By Nathaniel Valyo, National News Writer
President Donald Trump ousted Secretary of State Rex Tillerson last Tuesday, March 13, and replaced him with CIA Director Mike Pompeo in the most recent shake-up in the Trump Administration.
Mr. Trump released the news of Mr. Tillerson’s firing via Twitter last week, while Mr. Tillerson was traveling through Africa. According to White House officials, Chief of Staff John Kelly called Mr. Tillerson and urged him to return to Washington, and to “expect a tweet” on the firing. Mr. Tillerson, the former chief executive of ExxonMobil, delivered his exit statement from the State Department last Tuesday, saying that he was “proud of the opportunity” to serve his country, later adding that he will officially remain in his post until the end of March, but will delegate his responsibilities to Deputy Secretary of State John Sullivan. Mr. Tillerson failed to thank Mr. Trump in his statement.
“I actually got along well with Rex, but really it was a different mind-set, a different thinking,” said Mr. Trump in a statement to reporters, shortly before leaving for California last week. “When you look at the Iran deal, I think it’s terrible. I guess he thought it was okay … so we were not really thinking the same. With Mike Pompeo, we have a very similar thought process. I think it’s going to go very well.” Mr. Trump nominated CIA Deputy Director Gina Haspel to replace Mr. Pompeo as the new director of the CIA, referring to her as “an outstanding person.”
Both Mr. Pompeo and Ms. Haspel will require confirmation from the Senate before assuming their new roles. Mr. Pompeo’s confirmation is expected, but concerns about Ms. Haspel’s close ties to CIA black sites which relied on interrogation through methods of torture were quickly raised. Senator John McCain (R-AZ) stated that he wants Ms. Haspel to “explain the nature and extent of her involvement in the CIA’s interrogation program,” before voting on her confirmation. If confirmed, Haspel would become the first woman to lead the CIA.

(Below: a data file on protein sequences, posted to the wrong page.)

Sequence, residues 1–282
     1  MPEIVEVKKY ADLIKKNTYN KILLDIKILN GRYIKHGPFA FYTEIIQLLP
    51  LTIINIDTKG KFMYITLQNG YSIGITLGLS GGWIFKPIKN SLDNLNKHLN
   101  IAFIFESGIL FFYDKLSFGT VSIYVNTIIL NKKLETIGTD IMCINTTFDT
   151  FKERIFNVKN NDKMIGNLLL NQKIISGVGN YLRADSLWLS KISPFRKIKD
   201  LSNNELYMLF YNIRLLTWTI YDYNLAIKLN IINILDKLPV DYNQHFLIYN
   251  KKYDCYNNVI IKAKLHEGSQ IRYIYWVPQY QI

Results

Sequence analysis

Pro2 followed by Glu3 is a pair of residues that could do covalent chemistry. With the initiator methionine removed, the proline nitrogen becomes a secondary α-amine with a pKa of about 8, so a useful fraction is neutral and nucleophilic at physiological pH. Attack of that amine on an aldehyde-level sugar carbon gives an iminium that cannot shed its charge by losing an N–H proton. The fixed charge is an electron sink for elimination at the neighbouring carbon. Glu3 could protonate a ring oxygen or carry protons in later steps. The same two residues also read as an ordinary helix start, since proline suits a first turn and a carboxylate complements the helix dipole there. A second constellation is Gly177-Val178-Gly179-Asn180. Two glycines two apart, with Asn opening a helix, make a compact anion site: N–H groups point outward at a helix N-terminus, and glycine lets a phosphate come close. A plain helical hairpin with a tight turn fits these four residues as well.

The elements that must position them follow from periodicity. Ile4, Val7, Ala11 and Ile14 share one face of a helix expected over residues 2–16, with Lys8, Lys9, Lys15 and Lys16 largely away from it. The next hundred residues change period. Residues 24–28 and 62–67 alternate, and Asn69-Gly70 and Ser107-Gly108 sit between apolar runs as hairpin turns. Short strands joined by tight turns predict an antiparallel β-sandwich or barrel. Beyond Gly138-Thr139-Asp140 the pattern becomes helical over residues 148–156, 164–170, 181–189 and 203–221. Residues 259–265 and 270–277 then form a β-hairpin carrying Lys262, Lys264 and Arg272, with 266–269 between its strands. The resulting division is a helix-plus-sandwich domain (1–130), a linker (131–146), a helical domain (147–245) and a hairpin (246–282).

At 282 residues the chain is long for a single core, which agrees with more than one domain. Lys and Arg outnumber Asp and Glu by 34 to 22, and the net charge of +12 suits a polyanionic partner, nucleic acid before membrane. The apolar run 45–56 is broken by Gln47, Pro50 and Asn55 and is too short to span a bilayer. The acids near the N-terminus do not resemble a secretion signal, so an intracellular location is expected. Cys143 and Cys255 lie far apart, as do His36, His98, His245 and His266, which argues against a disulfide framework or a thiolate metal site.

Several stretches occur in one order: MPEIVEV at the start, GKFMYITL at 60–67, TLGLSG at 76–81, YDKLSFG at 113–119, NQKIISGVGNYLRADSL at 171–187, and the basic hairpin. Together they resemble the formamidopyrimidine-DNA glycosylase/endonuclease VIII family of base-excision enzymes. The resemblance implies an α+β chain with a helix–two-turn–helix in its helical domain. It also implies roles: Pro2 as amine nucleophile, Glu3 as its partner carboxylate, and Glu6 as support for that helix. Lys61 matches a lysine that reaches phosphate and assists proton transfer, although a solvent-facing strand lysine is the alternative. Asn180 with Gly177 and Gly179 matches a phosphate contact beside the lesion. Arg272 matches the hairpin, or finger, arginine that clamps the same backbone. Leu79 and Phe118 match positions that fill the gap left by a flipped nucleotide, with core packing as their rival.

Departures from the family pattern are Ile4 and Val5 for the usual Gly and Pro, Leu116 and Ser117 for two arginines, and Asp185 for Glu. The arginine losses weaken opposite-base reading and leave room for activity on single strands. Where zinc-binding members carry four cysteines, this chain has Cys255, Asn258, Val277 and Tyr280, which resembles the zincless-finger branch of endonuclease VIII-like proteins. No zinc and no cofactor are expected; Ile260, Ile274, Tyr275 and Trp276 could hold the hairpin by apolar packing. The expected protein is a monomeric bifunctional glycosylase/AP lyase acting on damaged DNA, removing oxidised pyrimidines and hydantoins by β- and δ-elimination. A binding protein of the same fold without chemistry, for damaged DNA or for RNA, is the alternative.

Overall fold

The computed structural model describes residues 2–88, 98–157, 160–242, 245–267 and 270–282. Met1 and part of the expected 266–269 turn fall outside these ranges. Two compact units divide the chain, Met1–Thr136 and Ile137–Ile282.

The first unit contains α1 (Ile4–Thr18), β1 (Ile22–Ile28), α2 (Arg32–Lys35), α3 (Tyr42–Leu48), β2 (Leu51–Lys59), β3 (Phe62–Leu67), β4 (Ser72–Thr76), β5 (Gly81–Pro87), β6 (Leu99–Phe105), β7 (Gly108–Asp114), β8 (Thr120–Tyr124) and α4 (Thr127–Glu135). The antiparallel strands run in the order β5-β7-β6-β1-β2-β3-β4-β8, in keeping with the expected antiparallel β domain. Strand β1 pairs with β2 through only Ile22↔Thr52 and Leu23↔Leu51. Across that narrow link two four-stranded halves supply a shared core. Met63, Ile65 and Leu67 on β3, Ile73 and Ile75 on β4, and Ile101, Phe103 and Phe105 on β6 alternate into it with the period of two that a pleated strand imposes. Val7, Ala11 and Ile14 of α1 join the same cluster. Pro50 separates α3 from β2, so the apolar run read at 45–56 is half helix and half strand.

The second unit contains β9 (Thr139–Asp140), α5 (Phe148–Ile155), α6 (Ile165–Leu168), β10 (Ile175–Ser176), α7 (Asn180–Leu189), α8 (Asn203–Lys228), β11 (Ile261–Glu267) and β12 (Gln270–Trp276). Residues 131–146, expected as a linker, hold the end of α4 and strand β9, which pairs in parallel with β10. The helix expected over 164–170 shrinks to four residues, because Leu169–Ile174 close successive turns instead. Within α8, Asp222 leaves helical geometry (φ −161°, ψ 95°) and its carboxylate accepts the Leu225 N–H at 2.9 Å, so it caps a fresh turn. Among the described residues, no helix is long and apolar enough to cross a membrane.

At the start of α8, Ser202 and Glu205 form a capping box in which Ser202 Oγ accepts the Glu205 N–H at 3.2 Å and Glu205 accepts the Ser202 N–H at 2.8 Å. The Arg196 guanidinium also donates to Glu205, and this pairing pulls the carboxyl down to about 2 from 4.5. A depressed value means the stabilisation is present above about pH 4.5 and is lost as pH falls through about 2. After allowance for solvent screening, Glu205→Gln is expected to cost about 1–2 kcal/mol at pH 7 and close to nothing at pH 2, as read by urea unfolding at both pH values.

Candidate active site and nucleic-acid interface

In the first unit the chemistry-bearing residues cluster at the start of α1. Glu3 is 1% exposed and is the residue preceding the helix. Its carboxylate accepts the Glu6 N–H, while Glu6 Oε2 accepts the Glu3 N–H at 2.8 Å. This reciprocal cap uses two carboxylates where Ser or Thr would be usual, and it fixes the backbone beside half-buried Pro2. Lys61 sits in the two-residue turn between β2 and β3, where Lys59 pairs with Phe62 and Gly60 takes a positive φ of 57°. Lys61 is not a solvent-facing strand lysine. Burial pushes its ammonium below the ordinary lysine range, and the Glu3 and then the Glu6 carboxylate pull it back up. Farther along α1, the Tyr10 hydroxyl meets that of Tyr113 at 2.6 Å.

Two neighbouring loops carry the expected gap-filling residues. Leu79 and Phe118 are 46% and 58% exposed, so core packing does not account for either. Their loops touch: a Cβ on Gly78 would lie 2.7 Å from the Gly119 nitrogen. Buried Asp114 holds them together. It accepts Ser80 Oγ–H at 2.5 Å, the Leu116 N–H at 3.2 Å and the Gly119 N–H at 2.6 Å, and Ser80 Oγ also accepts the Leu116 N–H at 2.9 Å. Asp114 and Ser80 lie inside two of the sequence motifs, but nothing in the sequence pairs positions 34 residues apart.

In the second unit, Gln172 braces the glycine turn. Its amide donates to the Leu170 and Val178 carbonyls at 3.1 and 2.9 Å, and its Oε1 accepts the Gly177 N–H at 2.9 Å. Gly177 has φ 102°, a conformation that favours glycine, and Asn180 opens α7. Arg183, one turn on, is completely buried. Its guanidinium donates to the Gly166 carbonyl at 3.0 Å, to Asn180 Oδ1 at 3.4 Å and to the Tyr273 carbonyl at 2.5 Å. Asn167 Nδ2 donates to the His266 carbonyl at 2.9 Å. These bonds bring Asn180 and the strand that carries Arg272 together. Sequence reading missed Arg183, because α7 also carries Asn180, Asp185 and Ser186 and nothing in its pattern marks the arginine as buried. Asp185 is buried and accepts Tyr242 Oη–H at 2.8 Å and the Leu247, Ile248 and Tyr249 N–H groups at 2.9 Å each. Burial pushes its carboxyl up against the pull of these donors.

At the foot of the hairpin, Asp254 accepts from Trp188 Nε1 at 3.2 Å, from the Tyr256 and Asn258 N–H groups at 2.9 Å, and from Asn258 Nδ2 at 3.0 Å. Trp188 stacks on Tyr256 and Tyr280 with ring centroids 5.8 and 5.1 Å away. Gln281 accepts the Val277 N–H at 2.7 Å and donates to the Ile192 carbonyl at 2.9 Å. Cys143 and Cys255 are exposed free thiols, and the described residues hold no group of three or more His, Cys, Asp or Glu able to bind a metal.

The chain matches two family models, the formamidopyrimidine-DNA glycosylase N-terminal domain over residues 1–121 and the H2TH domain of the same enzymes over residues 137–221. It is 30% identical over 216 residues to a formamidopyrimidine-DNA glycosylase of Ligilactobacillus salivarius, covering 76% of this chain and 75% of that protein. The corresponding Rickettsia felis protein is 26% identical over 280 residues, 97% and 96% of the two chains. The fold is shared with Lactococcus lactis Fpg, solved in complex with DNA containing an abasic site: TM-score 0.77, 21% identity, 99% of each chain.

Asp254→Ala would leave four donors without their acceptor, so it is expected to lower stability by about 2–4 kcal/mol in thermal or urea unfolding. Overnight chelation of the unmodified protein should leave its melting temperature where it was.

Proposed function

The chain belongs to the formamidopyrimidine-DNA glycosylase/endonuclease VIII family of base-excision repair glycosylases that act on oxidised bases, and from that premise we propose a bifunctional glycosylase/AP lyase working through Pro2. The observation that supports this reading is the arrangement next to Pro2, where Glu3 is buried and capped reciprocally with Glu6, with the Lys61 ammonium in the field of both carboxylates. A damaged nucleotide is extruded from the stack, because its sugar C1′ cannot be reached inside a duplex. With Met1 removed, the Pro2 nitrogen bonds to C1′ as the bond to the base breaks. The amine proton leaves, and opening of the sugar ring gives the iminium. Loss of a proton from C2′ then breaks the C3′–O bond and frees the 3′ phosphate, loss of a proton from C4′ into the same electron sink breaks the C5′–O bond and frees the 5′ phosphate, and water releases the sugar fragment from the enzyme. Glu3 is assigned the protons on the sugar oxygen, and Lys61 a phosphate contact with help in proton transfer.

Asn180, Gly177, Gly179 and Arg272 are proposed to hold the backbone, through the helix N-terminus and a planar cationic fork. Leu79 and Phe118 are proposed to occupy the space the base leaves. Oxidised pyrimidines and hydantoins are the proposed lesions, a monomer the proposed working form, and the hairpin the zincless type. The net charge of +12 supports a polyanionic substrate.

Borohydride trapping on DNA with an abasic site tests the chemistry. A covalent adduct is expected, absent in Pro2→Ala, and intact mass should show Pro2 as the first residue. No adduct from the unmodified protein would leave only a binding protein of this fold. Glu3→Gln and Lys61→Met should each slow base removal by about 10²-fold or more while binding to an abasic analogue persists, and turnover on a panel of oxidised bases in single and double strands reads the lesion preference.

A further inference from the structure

Mr. Trump expressed his confidence in Mr. Pompeo in a written White House statement, saying that “he will continue our program of restoring America’s standing in the world, strengthening our alliances, confronting our adversaries, and seeking the denuclearization of the Korean Peninsula.”
Mr. Tillerson had long been at odds with Mr. Trump, with the two most notable disagreements being on the Iran deal, which Mr. Trump abhorred and Mr. Tillerson approved of, and on dialogue with North Korea, which Mr. Tillerson was in favor of, while Mr. Trump frequently threatened military power, instead. Mr. Trump announced plans to meet with North Korean leader Kim Jong Un while Mr. Tillerson was in Africa, frustrating Mr. Tillerson.
“The president wanted to make sure the transition [from Mr. Tillerson to Mr. Pompeo] happens before the conversation takes place with North Korea, and with the trade issues taking effect,” said a senior White House official. Foreign leaders also speculated this as the reasoning behind the timing of Mr. Tillerson’s firing; Japan’s vice foreign minister Masahisa Sato wrote on Twitter that Mr. Trump is attempting to “strengthen his lineup by switching cabinet secretaries before the beginning of high-risk negotiations with North Korea.”
A version of this article appeared in the Tuesday, March 20th print edition.
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